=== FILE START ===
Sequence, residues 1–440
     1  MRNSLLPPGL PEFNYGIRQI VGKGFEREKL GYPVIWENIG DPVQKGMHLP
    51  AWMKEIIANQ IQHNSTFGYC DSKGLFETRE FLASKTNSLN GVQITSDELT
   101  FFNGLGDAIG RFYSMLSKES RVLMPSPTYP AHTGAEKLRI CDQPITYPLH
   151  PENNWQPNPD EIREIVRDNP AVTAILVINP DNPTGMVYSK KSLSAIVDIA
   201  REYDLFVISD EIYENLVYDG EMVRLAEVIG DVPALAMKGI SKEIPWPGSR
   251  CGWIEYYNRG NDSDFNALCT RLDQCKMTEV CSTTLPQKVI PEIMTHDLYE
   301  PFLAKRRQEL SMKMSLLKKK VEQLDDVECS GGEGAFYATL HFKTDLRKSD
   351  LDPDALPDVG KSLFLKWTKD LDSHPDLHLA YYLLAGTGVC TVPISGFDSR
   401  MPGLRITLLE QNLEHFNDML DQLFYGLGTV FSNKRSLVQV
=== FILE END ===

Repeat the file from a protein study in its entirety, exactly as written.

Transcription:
Sequence, residues 1–440
     1  MRNSLLPPGL PEFNYGIRQI VGKGFEREKL GYPVIWENIG DPVQKGMHLP
    51  AWMKEIIANQ IQHNSTFGYC DSKGLFETRE FLASKTNSLN GVQITSDELT
   101  FFNGLGDAIG RFYSMLSKES RVLMPSPTYP AHTGAEKLRI CDQPITYPLH
   151  PENNWQPNPD EIREIVRDNP AVTAILVINP DNPTGMVYSK KSLSAIVDIA
   201  REYDLFVISD EIYENLVYDG EMVRLAEVIG DVPALAMKGI SKEIPWPGSR
   251  CGWIEYYNRG NDSDFNALCT RLDQCKMTEV CSTTLPQKVI PEIMTHDLYE
   301  PFLAKRRQEL SMKMSLLKKK VEQLDDVECS GGEGAFYATL HFKTDLRKSD
   351  LDPDALPDVG KSLFLKWTKD LDSHPDLHLA YYLLAGTGVC TVPISGFDSR
   401  MPGLRITLLE QNLEHFNDML DQLFYGLGTV FSNKRSLVQV